One of Derry’s top trade unionists has asked voters to concentrate on bread and butter issues in the coming election. Liam Gallagher, secretary of Derry Trades Council wants to avoid a “sectarian headcount”.
It’s a good call. The prominent trade unionist is right to make it and I couldn’t agree with him more but we all know it won’t happen. Every election in the North of Ireland is a sectarian headcount. We ought to be ashamed of that but it’s been the case since Gladstone first proposed home rule. We should be embarrassed about it and conscience-stricken for allowing it to continue for so long.
It’s particularly regrettable that religion remains linked with politics. Social and economic issues count for relatively little. So much for separation of church and state in our minds!
Fair enough we also vote according to notions about our national identity. At least that’s a little more sophisticated than voting according to our religion. It probably means we’re tribal as well as sectarian. But the greater scandal is the part religion continues to play in keeping us so far apart.
We’re the victims of past generations. After “The Liberator” Daniel O’Connell achieved Catholic Emancipation in 1829 Protestants began to feel more and more threatened by their Catholic countrymen’s growing power. This fear gradually put paid to earlier notions radical Presbyterians had about being United Irishmen. By the turn of the century an overwhelming majority of Protestants were unionists.
They feared home rule would be “Rome rule”. And so the tragedy of partition befell us. The North got its “Protestant parliament for a Protestant people” and the south got its theocratic constitution. Along with the famine these were the great tragedies of modern Ireland. Both states then developed in an unhealthy way. Without partition Irish Catholics and Irish Protestants would have come to much more respectful terms with each other.
This column is intensely critical of politicians who exploit sectarianism for their own selfish ends. It’s a tactic particularly favoured by unionists. But we shouldn’t forget the failure of many church leaders to speak out against it either.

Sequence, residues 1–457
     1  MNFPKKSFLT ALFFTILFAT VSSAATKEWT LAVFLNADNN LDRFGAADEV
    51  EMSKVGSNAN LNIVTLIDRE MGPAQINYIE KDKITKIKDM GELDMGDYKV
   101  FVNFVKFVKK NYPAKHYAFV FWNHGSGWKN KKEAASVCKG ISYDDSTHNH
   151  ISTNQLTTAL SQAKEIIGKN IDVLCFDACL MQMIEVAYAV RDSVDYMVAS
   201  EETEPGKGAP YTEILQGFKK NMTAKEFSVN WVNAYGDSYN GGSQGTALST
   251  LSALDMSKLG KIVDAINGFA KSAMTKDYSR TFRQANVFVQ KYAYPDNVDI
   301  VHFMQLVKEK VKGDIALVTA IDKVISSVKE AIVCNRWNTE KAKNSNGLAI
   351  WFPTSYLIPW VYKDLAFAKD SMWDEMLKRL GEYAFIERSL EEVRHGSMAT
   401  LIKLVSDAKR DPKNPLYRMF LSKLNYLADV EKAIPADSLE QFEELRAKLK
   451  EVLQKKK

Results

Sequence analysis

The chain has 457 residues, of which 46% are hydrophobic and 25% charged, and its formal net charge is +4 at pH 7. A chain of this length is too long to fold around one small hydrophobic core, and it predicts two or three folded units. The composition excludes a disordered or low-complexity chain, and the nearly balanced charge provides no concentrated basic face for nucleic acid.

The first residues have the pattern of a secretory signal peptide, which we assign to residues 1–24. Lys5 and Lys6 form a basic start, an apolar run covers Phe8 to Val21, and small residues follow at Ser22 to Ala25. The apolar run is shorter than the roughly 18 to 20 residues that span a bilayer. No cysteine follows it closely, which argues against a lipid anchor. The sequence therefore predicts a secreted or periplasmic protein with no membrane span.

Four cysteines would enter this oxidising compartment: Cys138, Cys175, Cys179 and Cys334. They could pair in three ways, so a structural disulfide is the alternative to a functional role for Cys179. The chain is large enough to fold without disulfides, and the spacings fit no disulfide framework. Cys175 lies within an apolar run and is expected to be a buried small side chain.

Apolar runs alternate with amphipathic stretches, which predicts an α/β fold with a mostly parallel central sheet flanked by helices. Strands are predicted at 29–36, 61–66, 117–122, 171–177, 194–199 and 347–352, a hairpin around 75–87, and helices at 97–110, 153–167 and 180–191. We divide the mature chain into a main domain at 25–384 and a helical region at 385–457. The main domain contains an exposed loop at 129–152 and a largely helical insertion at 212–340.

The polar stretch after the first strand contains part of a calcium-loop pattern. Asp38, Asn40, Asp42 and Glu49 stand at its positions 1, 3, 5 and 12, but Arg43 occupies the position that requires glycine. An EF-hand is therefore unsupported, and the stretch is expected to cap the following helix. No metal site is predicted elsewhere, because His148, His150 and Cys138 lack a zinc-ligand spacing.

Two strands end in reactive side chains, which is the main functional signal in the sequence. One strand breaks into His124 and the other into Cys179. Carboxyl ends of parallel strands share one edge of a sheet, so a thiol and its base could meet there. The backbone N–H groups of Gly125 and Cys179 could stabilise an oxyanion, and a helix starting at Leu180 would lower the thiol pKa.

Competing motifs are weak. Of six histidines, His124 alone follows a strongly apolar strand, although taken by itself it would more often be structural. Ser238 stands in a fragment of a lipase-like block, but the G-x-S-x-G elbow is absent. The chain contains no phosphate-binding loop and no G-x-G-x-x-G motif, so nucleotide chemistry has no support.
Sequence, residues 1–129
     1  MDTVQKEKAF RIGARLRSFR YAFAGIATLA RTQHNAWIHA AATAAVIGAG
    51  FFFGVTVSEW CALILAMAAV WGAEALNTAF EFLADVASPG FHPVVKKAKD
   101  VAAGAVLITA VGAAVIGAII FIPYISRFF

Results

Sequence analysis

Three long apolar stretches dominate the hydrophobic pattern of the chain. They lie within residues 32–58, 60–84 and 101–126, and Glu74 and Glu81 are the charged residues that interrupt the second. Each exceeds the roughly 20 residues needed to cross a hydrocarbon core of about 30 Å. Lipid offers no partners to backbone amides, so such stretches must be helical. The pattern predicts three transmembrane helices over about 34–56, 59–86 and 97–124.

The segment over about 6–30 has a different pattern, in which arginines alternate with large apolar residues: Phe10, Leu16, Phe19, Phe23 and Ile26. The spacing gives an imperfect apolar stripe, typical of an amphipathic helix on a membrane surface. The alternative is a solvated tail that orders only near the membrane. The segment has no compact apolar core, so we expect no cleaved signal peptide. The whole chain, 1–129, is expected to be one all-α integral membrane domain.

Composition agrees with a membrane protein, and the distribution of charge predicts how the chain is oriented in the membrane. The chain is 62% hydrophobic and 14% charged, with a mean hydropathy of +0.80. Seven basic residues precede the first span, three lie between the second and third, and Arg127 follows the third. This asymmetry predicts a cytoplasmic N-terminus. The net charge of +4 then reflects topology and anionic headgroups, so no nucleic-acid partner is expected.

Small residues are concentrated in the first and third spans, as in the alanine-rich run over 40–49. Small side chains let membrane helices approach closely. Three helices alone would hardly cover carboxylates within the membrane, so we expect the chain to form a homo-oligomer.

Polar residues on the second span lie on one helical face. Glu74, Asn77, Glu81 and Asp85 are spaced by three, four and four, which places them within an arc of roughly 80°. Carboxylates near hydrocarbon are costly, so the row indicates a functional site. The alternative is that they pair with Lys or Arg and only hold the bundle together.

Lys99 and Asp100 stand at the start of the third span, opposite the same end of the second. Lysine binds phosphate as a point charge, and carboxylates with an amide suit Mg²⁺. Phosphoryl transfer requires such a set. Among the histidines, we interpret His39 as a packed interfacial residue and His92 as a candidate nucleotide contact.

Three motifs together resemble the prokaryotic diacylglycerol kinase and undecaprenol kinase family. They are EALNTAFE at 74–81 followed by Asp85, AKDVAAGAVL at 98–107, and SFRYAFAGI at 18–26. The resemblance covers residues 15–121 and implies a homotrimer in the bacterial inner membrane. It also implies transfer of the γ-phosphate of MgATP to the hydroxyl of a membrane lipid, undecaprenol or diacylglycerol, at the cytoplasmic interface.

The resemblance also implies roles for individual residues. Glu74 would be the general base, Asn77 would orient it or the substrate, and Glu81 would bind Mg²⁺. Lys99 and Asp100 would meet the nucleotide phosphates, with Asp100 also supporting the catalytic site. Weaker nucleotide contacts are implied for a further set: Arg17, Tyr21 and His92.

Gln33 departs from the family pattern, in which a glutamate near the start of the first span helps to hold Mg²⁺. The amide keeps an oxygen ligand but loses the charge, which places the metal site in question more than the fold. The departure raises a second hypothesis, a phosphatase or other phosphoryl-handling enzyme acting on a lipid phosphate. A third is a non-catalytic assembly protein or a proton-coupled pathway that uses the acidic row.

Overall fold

With some honourable exceptions many church leaders have been cowardly, preferring not to risk offending their hard line parishioners. Many are smugly comfortable with, “you in your small corner and I in mine”.
God was a Free Presbyterian, firmly behind the Reverend Ian Paisley in his early days. Wasn’t he? Was God for or against the civil rights movement? Or is he a Catholic? Of course, we don’t know. But ‘not-knowing’, didn’t stop some religious ‘leaders’ from claiming they did know. “Religious sectarianism rears its ugly head when we absolutise our particular interpretation of the meaning and application of the gospel as the only one true valid one and worship the dogmas and doctrines which we have formulated, instead of worshiping the one God and Father of us all”.
That’s how former Dean of St Patrick’s Cathedral in Dublin, Victor Griffin puts it in his book, “Enough religion to make us hate”.
“Such absolutism, which has caused so much misery, hatred and bloodshed, brings all religion into disrepute – a God of love no longer universal and global but tribal and sectarian,” says the Dean.
But as if religious absolutism weren’t bad enough it’s when we use it to determine how the state should be run that things get nasty. Cromwell, for instance, believed he was doing the will of God by annihilating his opponents. Ok so Cromwell was here in the 17th century and we’ve moved on since then. Or have we?
If we had really moved on wouldn’t the link between religion and politics have disappeared long ago?
The church we go to, or don’t go to should have nothing to do with our national identity or with how we vote in an election.
Our next sectarian headcount will be in May. The result will be ‘inaccurate’ by at least one.
Read more Hamill’s Beat in the Journal every Tuesday